NOX DDR5 memory modules support on-die error correction, keeping the system stable by automatically correcting data errors.




Intel® XMP 3.0 Support For Easily Overclocking

Supporting Intel® XMP 3.0, with one click of a button, users can easily overclock their system without making any manual adjustments to BIOS parameters.




Meticulously Screened DRAM ICs

Based on Apacer’s long-term experience in the industry, the meticulously screened DRAM ICs ensure excellent stability and compatibility with major motherboards.




Low Power, High Intensity

Low latency and low operating voltage reduce power consumption, keep components cool, and extend service life. Game at the highest resolutions while maintaining speed and stability.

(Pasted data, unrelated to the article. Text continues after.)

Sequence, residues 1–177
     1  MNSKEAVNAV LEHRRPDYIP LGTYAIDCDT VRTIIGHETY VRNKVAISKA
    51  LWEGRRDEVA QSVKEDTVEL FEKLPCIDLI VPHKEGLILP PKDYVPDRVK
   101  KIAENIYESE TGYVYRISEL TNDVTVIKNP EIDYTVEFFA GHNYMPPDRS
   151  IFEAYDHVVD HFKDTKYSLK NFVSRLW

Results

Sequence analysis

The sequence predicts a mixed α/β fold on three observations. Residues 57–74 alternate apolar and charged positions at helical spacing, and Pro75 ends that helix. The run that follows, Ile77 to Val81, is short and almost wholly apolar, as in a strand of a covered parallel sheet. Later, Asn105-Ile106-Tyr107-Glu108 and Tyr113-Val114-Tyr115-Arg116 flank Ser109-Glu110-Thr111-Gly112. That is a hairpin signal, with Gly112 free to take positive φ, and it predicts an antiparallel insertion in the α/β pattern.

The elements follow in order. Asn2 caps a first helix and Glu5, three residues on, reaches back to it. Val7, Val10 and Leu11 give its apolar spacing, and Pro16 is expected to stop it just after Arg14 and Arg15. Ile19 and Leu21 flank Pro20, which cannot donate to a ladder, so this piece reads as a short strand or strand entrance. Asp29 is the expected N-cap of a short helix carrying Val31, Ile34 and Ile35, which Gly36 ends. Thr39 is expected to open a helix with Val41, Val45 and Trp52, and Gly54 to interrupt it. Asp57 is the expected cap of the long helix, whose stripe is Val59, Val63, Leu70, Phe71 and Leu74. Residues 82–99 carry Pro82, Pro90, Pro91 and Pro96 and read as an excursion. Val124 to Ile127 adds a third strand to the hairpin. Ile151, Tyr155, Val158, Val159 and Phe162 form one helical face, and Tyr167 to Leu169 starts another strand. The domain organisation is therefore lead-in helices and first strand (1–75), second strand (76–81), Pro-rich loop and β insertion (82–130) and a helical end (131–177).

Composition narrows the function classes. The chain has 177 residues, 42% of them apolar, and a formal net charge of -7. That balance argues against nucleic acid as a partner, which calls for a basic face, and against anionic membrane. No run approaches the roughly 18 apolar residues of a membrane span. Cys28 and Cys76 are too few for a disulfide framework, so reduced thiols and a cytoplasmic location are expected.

QVL Compatibility Certification

Ensuring its stability with all motherboards on the QVL (Qualified Vendor List) through multiple compatibility verifications of mainstream motherboard manufacturers.







Specifications



NOX DDR5 Gaming Memory Module


Frequency/Capacity/Voltage/Cas Latency

5200MHz/16GB、32GB/1.25V/38-38-38-84


6000MHz/16GB、32GB/1.25V/38-38-38-78


6200MHz/16GB、32GB/1.25V/38-38-38-78


6400MHz/16GB、32GB/1.25V/40-40-40-84


Memory Architecture

x8 FBGA DRAM chip


PIN

288-pin


Certificate

RoHS, CE, FCC, RCM, VCCI, JEDEC


Package

Single package


Dual package


Warranty

3 Years




The NOX DDR5-5200 memory kit has one XMP profile at DDR5-5200 and primary timings of 38-38-38-84. The profile has a programmed voltage of 1.25V VDD/VDDQ. Since it’s using Micron IC, these voltages are already optimal for overclocking. We won’t use much more in our tests as it simply doesn’t help.